Tuesday, February 9, 2010

In review--Russian Icons


Gloriae Dei Cantores
Unto Ages of Ages
Sacred Choral Music of Sviridov, Rachmaninoff and Tchaikovsky
Paraclete Press/Harmonia Mundi


I have never stepped foot in a Russian Orthodox Church, but in 2005 I attended a concert given by a Greek Orthodox choir at a Greek Orthodox Church in Seattle’s Montlake neighborhood. It felt like stepping into a surreal universe, icons and stories appearing on gold painted ceilings and walls, and I can’t even begin to describe the men’s choir which sang chants rich in chromatic scales and otherworldly harmonies. Five years later I recall the experience as if it happened yesterday.


The Massachusetts-based mixed choir Gloriae Dei Cantores (Orleans, MA) performs sacred works composed for the Russian Orthodox Church by Russian composers Tchaikovsky (1840-1893), Rachmaninoff (1873-1943) and Georgy Sviridov (1915-1998). I’m of course familiar with the repertoires of Tchaikovsky and Rachmaninoff, but not of the 20th century composer Sviridov (whose pieces incorporate influences of the other two Russian composers). I knew about Rachmaninoff’s All Night Vigil, but not about Tchaikovsky’s Liturgy of St. John Chrysostom, op. 41, but the liner notes cite the composer’s religious inclinations and the passion he felt in the walls of the Russian Orthodox Church.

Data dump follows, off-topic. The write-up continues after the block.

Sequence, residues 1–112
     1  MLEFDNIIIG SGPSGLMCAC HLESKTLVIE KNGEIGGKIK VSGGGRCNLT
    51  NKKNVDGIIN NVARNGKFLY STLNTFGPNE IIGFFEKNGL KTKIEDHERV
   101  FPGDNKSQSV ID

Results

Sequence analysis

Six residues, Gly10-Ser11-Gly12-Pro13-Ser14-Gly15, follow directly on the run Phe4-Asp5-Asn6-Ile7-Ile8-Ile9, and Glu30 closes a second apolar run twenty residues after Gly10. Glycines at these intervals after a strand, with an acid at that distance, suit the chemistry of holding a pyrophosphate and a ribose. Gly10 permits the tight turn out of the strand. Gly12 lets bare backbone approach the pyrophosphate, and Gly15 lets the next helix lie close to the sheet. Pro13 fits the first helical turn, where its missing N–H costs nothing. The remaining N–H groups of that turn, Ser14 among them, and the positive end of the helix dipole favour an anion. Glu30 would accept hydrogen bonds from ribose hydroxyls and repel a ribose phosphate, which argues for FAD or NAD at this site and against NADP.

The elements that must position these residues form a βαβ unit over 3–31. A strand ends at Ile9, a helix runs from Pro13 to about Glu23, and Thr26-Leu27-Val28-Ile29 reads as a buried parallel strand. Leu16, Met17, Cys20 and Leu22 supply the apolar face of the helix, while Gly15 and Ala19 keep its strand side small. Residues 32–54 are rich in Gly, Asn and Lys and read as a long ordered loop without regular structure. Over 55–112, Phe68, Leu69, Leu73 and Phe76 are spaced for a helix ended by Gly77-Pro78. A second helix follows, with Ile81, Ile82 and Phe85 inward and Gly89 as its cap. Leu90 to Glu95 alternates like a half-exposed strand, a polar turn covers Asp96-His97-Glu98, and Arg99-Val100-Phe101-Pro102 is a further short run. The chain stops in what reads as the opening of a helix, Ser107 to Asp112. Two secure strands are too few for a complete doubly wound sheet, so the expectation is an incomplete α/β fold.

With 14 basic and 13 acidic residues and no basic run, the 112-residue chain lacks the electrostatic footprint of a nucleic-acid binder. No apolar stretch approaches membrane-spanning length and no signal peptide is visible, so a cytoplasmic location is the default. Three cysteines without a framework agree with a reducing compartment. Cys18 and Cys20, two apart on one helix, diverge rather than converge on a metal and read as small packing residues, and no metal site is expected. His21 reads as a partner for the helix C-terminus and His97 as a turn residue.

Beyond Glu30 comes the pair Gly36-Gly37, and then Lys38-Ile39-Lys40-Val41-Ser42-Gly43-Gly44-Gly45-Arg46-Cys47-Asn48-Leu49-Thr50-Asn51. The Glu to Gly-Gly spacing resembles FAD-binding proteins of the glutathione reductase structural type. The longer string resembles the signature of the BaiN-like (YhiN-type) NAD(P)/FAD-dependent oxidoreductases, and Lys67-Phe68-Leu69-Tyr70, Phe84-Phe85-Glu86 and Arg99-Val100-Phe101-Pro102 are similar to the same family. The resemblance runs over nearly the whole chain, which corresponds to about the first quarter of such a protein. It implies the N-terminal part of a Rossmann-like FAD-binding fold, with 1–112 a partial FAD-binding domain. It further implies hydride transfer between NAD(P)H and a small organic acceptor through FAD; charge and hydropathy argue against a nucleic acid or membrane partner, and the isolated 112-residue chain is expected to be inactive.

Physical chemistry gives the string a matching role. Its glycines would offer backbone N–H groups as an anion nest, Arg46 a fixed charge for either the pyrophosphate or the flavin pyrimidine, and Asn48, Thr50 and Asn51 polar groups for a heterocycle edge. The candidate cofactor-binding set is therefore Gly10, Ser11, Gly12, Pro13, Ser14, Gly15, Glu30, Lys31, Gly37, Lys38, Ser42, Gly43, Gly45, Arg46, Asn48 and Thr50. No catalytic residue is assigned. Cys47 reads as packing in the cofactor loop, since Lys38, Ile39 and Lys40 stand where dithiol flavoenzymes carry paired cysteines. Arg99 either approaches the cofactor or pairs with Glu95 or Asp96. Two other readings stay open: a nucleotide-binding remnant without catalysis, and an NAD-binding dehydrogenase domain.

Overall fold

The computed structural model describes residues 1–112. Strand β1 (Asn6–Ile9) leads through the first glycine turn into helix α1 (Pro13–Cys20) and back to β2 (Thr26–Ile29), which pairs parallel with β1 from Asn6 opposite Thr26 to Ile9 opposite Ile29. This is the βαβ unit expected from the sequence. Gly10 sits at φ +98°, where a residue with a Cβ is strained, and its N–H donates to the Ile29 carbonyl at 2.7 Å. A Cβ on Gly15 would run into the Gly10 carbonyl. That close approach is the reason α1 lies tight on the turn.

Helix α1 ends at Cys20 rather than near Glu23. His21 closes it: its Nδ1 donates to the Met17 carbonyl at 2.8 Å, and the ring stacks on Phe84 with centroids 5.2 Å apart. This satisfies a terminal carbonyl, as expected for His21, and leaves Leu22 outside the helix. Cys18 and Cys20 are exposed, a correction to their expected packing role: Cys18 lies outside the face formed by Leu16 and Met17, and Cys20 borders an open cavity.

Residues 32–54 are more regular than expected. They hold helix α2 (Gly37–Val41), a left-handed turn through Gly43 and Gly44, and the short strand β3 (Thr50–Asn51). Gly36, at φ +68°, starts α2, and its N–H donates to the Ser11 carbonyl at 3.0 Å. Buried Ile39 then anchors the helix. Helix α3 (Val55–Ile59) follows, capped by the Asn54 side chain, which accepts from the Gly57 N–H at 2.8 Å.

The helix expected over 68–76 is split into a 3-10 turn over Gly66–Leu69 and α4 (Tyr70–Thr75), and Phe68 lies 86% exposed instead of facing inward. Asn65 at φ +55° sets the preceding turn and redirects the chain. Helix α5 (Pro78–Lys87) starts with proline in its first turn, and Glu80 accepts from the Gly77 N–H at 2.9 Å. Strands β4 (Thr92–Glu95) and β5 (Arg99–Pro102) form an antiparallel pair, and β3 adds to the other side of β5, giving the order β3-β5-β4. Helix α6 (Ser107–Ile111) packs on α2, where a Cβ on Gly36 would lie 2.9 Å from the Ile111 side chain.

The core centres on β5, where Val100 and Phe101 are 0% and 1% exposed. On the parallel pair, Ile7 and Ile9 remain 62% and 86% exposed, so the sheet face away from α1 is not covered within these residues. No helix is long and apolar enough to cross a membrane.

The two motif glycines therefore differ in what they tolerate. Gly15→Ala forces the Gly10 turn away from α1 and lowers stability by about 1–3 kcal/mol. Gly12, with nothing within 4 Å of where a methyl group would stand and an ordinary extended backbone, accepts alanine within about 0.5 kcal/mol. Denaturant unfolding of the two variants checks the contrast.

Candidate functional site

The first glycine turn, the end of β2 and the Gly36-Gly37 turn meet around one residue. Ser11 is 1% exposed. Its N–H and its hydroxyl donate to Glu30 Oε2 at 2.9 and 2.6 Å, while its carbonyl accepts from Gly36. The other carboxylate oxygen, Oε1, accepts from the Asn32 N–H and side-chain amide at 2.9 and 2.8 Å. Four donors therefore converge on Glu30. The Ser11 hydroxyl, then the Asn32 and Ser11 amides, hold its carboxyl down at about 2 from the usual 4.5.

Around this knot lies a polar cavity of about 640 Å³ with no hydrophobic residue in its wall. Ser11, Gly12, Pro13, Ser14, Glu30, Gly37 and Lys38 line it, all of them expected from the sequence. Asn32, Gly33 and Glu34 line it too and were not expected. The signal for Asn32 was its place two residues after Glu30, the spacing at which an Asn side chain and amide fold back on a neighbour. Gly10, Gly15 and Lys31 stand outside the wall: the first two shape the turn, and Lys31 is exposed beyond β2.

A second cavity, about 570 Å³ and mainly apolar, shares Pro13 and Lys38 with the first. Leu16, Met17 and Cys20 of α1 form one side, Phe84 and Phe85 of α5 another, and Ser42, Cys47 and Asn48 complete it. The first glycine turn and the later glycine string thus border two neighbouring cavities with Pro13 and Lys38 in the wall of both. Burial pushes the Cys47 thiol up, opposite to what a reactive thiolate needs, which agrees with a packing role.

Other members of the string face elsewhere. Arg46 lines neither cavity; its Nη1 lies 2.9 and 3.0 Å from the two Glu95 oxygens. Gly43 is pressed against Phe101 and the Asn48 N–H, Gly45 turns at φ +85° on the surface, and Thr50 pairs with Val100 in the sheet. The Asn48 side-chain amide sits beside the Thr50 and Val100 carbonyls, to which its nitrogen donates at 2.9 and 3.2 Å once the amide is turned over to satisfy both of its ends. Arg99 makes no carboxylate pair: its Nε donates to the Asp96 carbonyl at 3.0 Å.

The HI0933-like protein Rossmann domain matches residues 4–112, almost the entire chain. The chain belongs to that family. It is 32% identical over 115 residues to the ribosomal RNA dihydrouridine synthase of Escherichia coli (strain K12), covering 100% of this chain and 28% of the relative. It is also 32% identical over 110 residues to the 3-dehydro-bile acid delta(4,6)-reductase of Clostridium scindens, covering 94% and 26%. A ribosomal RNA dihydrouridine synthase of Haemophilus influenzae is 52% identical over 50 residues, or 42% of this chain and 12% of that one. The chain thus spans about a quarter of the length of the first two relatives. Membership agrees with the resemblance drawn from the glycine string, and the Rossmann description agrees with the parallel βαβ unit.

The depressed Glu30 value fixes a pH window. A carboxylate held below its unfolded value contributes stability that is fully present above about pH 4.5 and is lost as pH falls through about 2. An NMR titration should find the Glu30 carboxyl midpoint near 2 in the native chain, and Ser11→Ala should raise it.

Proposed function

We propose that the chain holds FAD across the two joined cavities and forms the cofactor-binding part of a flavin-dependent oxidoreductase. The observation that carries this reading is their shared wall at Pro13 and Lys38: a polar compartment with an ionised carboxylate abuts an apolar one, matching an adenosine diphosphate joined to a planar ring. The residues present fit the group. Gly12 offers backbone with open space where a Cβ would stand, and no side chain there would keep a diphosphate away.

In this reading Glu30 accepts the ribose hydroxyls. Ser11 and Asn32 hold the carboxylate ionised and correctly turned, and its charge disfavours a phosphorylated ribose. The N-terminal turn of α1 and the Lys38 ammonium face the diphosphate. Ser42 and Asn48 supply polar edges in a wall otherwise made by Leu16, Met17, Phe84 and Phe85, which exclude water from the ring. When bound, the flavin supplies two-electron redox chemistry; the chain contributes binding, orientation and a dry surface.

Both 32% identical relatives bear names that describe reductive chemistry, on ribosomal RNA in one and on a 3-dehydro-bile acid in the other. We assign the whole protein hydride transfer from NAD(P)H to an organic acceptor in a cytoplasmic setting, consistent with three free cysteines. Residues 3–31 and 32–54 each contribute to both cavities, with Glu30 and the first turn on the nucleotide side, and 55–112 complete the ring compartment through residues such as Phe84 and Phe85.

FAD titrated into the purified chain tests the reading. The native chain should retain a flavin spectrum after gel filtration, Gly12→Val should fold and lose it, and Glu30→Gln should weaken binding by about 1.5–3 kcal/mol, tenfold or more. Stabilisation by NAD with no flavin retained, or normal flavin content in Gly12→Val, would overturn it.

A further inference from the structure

If you’re like me and this is new territory for you to explore, will quote the liner notes, “One can enter a Russian Orthodox Church and hear the numerous chants and choral works central to the worship sung in an almost unbroken wave of sound. An evocative visual iconographic element of the saints and important religious figures surround the space in layers ascending towards the ceiling. The aural experience is carried by the choirs in the upper balconies, helping to create their vision of a temporary heaven on earth…”

This recording provides listeners with excerpts from the well-known liturgies All-Night Vigil and St. John Chrysostom and newer 20th century work, Ineffable Mystery by Sviridov. This entire album of heavenly music runs just under one hour, but it’s an hour of music that will leave your mind and spirit in suspension.


The album opens with four excerpts from Tchaikovsky’s sacred work. The Cherubic Hymn grabbed my attention. It starts out on a solemn vein with layered monody vocals. The rich basses ground the piece, while the soprano voices pierce the veils of heaven. Soprano voice rise and male voices respond, and dip, ascend and descend. During the last minute of the piece, the vocalists break out into rich and passionate polyphony as they chant the alleluias.


The Lord’s Prayer features a monophonic chant with quiet passages weaving in and out of full-throttle passionate outbursts. Soprano alleluias receive a response from the male voices and this section rivals Handel’s "Alleluia Chorus" from Messiah with its rich polyphony of cascading vocals.